If you’re running a PPC campaign then you might have thought about ‘checking’ your ad. It’s natural to be curious about how it’s performing… Does it look the way you’d hoped? What position is it being shown in? A lot of time this is based on panic, ARE WE EVEN LIVE?? This curiosity might lead us to the seemingly innocent action of searching for our own ad, after all what harm could it do?
But if you’re running a live PPC campaign then searching for your own ad is not a wise move. Not only can it provide an inaccurate picture of what’s going on, but it can actually hurt your overall campaign. Let’s look at how and why in more detail…
Pitfalls Of Searching Your Own PPC Keywords and Ads
There are several pitfalls associated with searching for your own PPC ads. Let’s start with the obvious mistake – clicking your own ad. It might sound like a rookie error, but it’s surprising just how many people do this. Maybe it’s to check the link or just out of curiosity, but it happens more than you’d think. And the fact is, this costs you money. Every time your ad gets clicked, your AdWords account gets billed for a lead that isn’t genuine. So this is definitely the first thing to avoid!
If you click the ad and then proceed to close the window, then it will be recorded as a bounce. This makes Google think that your ad isn’t relevant or interesting, and therefore decreases the quality score. A lower quality score means it’ll cost more to show your ad, or it’ll be shown less often within your budget constraints. This can result in fewer click-throughs and a lesser number of relevant traffic and thus leads.
Even if you just search for your keyword, but don’t actually click your ad, it can still negatively impact your campaign. Doing this artificially inflates the impressions and can skew your overall data. It’s also another way to decrease your quality score too since Google believes the ad was seen but not interesting enough to warrant being clicked on. Google then believes that your ad is less relevant than others that they will rotate in that will have higher click-through metrics.
Sometimes your IP address may get blocked altogether. If Google sees that you’re repeatedly clicking on an ad it may think it’s a malicious attack and block you. Also if your PPC agency uses a click fraud software, you are definitely getting blocked if you have subsequently clicked Likewise, if you’re repeatedly ignoring an ad, Google will think it’s not relevant and stop showing it to you. People sometimes interpret this as the ad not working and then waste time looking into why that appears to be the case.
If you’re not worried about any of the above consequences, then consider this… Any search you perform will only reveal of snapshot of what’s happening – it doesn’t provide overall insights. Since Google works on a bidding system, what happens when you click now may be different from what happens in 5mins, 50mins, or 5 hours. If you are advertising between 9 am and 5 pm and you have the budget for 200 clicks but there are 800 searches, you will only be shown one out of every four searches. This depends on the bidding strategy, the other accelerated delivery method will cause you to exhaust this budget by 11 am (depending on how fast the majority of searches are being done and what time of day). So by using the information from a single point in time, you won’t get an accurate idea of how it’s performing. This misinformation may lead to incorrect results being drawn or decisions being made base on skewed data.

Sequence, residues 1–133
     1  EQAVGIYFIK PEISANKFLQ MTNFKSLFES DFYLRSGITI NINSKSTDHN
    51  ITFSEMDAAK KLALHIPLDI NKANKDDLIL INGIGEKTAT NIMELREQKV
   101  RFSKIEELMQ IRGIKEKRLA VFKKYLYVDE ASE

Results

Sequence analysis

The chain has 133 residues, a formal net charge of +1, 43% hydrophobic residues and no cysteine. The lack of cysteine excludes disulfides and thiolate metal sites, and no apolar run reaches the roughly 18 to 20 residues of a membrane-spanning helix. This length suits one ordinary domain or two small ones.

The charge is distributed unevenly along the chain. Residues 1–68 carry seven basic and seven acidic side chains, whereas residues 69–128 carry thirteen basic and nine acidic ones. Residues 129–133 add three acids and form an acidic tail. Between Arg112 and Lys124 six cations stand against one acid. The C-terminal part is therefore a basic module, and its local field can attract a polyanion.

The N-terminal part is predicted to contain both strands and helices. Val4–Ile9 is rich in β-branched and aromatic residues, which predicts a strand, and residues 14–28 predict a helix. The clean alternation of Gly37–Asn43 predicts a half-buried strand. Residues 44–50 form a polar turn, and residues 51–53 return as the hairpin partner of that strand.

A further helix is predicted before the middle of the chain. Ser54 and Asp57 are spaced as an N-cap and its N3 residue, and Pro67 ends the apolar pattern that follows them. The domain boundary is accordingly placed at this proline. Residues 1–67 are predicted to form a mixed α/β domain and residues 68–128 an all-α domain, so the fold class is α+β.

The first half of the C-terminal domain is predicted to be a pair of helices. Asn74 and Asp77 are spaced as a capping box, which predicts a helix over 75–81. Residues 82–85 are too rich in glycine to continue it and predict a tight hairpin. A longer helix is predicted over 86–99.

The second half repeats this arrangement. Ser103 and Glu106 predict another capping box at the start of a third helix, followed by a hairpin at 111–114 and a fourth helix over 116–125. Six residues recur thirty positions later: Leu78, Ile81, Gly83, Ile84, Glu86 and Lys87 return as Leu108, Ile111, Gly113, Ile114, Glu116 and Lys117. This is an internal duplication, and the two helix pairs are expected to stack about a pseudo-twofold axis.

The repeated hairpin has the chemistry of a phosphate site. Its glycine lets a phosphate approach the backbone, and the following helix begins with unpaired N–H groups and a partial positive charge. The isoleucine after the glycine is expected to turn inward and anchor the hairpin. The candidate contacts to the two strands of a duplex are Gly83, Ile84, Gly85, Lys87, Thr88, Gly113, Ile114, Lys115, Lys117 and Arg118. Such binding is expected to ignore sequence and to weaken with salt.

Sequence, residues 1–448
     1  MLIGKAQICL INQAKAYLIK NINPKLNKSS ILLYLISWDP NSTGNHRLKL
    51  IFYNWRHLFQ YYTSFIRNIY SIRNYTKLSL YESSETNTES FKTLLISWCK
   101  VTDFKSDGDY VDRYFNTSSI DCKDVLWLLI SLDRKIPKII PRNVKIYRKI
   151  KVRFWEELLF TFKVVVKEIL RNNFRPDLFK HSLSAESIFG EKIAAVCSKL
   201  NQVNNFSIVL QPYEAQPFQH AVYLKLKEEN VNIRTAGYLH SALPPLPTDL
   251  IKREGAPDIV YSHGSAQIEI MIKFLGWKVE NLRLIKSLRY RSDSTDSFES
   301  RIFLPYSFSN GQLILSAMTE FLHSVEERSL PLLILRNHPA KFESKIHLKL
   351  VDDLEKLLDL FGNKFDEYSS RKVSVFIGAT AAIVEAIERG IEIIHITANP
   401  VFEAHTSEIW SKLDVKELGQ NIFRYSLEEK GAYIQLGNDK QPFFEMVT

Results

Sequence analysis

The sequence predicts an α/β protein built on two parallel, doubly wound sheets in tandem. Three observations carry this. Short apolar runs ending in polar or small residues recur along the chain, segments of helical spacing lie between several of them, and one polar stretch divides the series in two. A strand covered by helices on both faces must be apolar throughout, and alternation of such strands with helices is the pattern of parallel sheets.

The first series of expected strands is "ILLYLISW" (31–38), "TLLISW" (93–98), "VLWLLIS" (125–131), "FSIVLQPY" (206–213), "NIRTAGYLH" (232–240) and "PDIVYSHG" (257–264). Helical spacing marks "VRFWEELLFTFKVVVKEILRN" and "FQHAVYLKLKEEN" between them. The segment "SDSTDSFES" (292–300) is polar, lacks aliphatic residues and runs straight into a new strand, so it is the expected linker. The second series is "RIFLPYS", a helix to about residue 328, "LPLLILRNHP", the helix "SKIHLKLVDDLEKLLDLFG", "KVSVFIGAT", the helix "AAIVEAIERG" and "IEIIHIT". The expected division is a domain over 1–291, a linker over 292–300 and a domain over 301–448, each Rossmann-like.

Other Ways To Check PPC Campaign Performance
If you run your campaigns with 180fusion then we take care of all the reporting for you. We offer conversion and call tracking for all of our PPC services, as well as weekly reports that detail all of the activity from your advertising. This includes information about clicks, impressions, conversions, ad position data, ad performance, and much more.
But if you want to do an on-the-fly spot check you’ll want to use the Google AdWords Ad Preview and Diagnosis Tool. It allows you to search for your keyword and then shows a preview of the Google search results page. This enables you to see exactly which ads appear for your keyword, and whether your own is eligible to appear (based on language and location criteria). You can even share the search with colleagues, allowing you to keep your entire team in the loop without skewing your data.
You can find the “Ad Preview and Diagnosis” option under Planning in the new version of AdWords once you click the wrench in the upper right corner:
If you do find that an ad isn’t showing as you’d hoped, then there’s also a ‘diagnosis’ feature that can help. It provides reasons as to why your ad isn’t showing so you can remedy them immediately. Using this tool will show you exactly the same results as if you’d typed in a Google search, but won’t influence your performance data, so it’s a much better option to choose.
If you have questions about PPC then feel free to get in touch. Our team of experts are always up-to-date with the latest changes in ad technology and can advise you on a range of topics.
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